Two of the most powerful, influential Jewish women in the public eye finally sat down together and talked about women in the workplace, motherhood, and being badass. Yes, that means Lena Dunham finally interviewed Sheryl Sandberg for Lenny.
Dunham cites Sandberg as an influence, as a woman who makes her realize it’s OK to allow herself to think of herself as an asset–not indebted to others. Dunham described how she was excited to interview Sandberg, who has been busy with her latest project, Together Women Can. Sandberg’s new campaign encourages women to be allies and mentors to each other in the workplace. Umm, can we get a “hell yeah?”
Part of Sandberg’s aim with the campaign is to break down the stereotype that women don’t support each other–she explained how the campaign is meant to empower women to help each other–and themselves, stating:
She went on to say, however, that being a boss lady doesn’t mean you stop feeling insecure or self conscious. She opened up about her own struggles with her self-confidence in the work place, adding:
“I do still struggle with my self-confidence, whereas my male colleagues’ self-confidence never seems shaken by people disagreeing with them. And I do always want to be liked, even when I know it is not possible for everyone to agree with me all of the time and I need to make hard decisions.”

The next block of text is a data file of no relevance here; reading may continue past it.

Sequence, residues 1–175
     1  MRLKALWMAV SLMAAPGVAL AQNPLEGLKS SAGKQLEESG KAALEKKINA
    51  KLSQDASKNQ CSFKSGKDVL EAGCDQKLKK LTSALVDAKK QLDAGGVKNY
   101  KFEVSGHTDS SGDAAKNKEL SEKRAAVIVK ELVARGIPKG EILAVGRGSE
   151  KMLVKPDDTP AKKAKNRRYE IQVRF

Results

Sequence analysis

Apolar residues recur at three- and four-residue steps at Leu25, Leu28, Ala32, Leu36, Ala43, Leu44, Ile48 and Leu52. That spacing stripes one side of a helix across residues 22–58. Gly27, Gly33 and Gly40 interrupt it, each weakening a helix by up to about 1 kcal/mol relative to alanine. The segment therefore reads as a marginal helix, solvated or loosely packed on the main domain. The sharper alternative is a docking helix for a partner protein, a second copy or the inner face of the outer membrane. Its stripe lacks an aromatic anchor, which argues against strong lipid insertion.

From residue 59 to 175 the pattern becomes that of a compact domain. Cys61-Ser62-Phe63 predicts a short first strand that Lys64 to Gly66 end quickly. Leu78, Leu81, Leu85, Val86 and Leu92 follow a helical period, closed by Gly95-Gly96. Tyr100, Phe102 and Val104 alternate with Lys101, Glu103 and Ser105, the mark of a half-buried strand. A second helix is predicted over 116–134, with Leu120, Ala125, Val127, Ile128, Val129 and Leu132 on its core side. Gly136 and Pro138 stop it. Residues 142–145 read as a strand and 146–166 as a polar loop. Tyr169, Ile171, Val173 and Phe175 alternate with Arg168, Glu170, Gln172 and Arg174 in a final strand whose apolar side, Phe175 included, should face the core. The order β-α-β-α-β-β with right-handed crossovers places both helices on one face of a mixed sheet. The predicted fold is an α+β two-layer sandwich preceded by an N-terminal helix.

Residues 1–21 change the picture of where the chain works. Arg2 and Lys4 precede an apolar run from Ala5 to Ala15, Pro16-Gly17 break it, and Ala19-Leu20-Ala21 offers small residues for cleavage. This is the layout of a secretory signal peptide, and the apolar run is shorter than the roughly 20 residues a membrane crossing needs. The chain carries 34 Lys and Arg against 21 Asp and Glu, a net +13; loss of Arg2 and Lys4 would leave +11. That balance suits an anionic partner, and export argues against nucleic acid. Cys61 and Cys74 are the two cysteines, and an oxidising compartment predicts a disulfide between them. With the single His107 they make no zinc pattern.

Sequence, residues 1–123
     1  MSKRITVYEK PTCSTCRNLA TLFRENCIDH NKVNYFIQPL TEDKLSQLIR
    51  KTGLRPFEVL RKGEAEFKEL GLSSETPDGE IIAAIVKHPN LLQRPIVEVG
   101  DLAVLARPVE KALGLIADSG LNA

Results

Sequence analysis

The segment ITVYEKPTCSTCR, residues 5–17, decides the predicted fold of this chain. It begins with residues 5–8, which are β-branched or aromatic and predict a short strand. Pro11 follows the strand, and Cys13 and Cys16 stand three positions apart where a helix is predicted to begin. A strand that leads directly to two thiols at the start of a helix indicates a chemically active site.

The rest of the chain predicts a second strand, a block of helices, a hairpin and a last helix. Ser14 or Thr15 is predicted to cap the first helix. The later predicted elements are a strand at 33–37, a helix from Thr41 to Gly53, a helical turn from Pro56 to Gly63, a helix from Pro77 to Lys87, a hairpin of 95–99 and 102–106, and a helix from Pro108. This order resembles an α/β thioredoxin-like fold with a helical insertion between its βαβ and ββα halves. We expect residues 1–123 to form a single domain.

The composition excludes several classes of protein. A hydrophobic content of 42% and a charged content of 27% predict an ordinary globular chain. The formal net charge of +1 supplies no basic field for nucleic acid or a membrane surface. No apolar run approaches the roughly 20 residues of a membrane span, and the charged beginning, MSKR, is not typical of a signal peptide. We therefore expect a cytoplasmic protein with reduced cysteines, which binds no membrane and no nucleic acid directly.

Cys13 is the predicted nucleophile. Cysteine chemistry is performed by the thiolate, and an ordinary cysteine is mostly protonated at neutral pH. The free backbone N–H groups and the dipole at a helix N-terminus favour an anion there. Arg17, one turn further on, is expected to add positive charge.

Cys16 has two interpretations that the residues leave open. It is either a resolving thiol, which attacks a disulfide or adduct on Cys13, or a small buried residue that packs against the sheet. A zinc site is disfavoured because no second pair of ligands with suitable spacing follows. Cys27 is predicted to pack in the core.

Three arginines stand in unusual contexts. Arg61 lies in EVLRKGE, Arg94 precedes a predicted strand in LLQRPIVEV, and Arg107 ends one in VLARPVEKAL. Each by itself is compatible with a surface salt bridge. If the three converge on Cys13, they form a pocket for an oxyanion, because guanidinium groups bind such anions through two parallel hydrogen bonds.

When it comes to single parenting, Sandberg (who recently admitted she was wrong about a few things in “Lean In”) made a point to say that moms need to ask for help more, that it’s OK to ask for help–because asking for help makes you more successful:
“I’m a very lucky single mother, and I’ve spoken out about this. Many single mothers struggle to make ends meet. Being a single parent is hard and means looking for support in other places. I’m walking and working because of people like you, my friends, holding me up. I have a Lean In Circle of my childhood friends who have helped me get through this difficult point in my life.
When you look at successful women, they have other women who have supported them, and they’ve gotten to where they are because of those women.”
So, who does Sandberg, an ultra successful woman, cite as her influence? Her own bubbe:
“My grandmother. She grew up poor and her parents divorced, which was unheard of during that time. She ended up graduating from Berkeley and was the first generation to go to college. She was diagnosed with breast cancer in her 30s and starting raising money for breast-cancer screenings for other women. She literally drove around selling watches out of her car to raise money. When my grandfather’s business was about to go under, she took over the business and saved it.”
Bubbes are pretty much everyone’s favorite. Don’t forget to check out the rest of the interview here.